Publishers who wish to publish Phaeselis the City of Psionics to their particular audience may do so, as long as they honor the Creative Commons License and the Open Gaming License. Publishers who wish to publish the work using some other gaming system other than the Pathfinder Adventure Game system (d20) can honor the Creative Commons license instead. Pathfinder publishers can honor either or both.
Q. Does this mean you don't want to get paid?
Yes, it does. And it does not. The thing we artists really own are our identities. You can publish the work, though, without paying me a cent, however you can pay me for using my name, this is called endorsement. This is how the cobbler model of Artistry works. We are susposed to create works of art and content, you cooperate with us and our audience by publishing our work. Now, speaking for myself, I free my work so it can stand on its own. I don't monopolize my work. If the work is good, then by all means let it speak for itself and grow by itself. Since I don't monopolize my work, you shouldn't either.
Q. The Constitution of the United States guarantees copyright, why are you giving yours up?
In a way, I am not. The Copyright clause should be rewritten, amended, to protect authors, artists, and inventors from fraud. The clause was written to protect the little guy from the publisher and to protect the publisher also from fraudsters. Current interpretations of the clause neither protects artists or authors from the publisher. In fact, the clause is interpreted to give monopolies over our work to the publisher, and it's government subsidized. This means that publishers can use works as commodities and use them as loan collateral. It also means that the value of the work is in danger of being degraded, as in what happened to Mickey Mouse. Mickey mouse is a fine example of what happens when a product is monopolized. People hardly gives the mouse from Disney any respect due to all the films he's been in.This is because Disney uses the mouse in a completely in your face way, and most of the modern films featuring Mickey Mouse are plots that do not treat the character with respect. Another example is Keith Baker's Eberron, if you want a more post modern example. Eberron is a fine example of a campaign setting that can be High Quality if it were to be allowed to stand on its own. However, it's a victim of Copyright monopolies and an advertising blitz campaign excecuted by Wizards of the Coast. Eberron has a cult following now and is largely forgotten by most of the D&D audience. I don't want that to happen to Phaeselis.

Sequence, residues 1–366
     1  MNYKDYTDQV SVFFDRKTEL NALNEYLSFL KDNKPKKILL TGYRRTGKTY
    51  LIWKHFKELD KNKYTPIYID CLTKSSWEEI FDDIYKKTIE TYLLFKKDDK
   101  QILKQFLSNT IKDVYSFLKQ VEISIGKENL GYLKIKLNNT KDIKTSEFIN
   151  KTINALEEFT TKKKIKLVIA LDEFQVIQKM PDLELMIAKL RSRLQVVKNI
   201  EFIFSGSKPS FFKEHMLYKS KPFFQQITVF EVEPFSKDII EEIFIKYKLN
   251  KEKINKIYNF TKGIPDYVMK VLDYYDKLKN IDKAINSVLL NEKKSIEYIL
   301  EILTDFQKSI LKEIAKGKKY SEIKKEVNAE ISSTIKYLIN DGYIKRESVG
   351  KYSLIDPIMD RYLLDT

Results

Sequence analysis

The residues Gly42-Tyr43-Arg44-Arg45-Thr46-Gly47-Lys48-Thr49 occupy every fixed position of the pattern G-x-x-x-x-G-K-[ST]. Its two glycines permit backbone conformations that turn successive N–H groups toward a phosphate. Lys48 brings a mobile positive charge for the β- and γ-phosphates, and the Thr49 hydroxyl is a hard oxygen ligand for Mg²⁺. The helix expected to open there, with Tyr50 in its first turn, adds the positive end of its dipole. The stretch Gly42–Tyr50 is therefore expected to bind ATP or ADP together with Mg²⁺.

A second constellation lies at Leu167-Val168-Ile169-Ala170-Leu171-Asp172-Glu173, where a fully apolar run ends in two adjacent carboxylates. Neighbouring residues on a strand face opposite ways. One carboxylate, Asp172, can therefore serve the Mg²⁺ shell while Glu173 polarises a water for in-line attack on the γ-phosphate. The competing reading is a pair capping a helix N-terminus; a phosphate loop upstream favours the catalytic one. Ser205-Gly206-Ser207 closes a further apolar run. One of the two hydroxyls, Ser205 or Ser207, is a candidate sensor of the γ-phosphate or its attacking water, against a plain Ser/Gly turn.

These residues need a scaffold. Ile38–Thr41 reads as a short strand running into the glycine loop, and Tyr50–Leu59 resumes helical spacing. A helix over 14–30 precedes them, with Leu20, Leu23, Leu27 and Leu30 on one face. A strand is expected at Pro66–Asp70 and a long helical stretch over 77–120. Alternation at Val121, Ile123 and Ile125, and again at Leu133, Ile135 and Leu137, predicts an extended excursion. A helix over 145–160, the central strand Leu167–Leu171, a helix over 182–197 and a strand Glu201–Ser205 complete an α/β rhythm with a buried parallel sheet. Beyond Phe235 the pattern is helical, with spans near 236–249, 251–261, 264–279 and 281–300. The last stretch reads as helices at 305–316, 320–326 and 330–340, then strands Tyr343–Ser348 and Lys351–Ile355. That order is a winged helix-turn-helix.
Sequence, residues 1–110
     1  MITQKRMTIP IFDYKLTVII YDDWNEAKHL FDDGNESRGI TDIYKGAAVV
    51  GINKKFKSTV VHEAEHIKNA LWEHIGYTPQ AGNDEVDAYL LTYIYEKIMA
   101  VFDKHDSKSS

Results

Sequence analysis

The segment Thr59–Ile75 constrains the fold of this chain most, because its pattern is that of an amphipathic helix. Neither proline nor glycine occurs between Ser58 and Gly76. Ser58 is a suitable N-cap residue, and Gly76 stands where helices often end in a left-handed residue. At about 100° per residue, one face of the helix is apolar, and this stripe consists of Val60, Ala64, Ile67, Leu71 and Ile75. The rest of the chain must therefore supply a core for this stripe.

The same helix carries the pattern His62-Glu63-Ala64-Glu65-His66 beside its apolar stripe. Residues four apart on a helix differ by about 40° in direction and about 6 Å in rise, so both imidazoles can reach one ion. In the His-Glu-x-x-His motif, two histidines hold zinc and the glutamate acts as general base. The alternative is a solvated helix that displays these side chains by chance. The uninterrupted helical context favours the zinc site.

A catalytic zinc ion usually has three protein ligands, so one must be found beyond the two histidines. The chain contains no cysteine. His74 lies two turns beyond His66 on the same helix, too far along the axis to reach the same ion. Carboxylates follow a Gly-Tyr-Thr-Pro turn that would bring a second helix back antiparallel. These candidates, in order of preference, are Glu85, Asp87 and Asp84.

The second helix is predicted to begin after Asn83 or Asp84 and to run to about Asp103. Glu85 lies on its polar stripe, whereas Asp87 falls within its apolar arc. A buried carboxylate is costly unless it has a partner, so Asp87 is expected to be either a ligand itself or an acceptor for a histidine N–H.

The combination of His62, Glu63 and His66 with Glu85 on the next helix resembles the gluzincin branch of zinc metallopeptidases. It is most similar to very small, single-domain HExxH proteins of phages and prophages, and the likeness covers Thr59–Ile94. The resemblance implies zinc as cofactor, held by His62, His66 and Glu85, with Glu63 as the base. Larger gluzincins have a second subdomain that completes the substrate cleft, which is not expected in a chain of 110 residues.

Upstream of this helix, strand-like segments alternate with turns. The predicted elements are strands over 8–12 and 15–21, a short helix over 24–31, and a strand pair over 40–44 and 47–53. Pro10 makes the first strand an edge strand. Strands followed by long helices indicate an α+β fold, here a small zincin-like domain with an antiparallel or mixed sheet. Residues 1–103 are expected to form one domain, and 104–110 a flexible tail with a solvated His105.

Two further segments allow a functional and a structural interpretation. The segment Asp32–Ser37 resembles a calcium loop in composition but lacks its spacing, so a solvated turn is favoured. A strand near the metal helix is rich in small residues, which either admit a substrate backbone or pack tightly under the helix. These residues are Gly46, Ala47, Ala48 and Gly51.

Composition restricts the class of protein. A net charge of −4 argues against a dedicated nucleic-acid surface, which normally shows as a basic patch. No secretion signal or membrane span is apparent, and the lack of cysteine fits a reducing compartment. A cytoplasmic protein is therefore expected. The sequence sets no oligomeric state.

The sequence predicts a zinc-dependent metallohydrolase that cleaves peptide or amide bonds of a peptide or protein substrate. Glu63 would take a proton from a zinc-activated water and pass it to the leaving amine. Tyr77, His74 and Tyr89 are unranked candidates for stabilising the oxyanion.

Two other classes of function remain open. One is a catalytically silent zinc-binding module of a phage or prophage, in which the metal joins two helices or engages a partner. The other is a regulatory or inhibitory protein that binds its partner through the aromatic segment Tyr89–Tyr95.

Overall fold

Q. What can we publish out of the wiki?
You can publish all text, and make derivatives or have any art redone that I created on the site or any image that is creative commons. Any art that is Copyrighted (and there is a lot) on this wiki must either be replaced by original works or the original artist must be contacted and paid for their work. By and large, the text needs to be edited for publication. There's enough text on the Wiki can fill a general city campaign book. Except for the city guide. The city guide isn't even finished yet. Also, you have to seek the Tolkien Estate's blessing to use Tengwar and many of the other constructed scripts (con-scripts hereafter) that are on the site. You can also leave the con-scripts out altogether. However, all original work and dirivative work relating to your publication of Phaeselis must be creative commons licensed and provided as Publisher Resources on DTRPG, RPGnow, e-23, and Paizo Publishing's e-publishing website.
S. I wish to seek an Exclusive publishing license.
S. That's the way it always been done. We buy an exclusive publishing license from you to publish the work. We benefit, and you benefit.
Did you not read and understand the answer to question 3? However, if you want to follow that route, I'll make sure it's damned expensive. Even if you are a lawyer from Hasbro. You will have to pay for the damages of getting an Exclusive publishing license. In return to giving an exclusive publishing license to you (if you are Wizards of the Coast), I want the copyrights to all work regarding Eberron to be turned over to Keith Baker and all the gaming content on all Eberron works to be declared Open Game Content and added to the System Reference Document. Lastly, you will pay me 1 million dollars. A mere fraction of what it could be worth if you followed the Open Game License and/or the Creative Commons License.
If you are Alderac Entertainment Group, well, you've got to do something about that rabid L5R fan base you've created when it comes to roleplaying Asian settings. And then pay me 1 million dollars.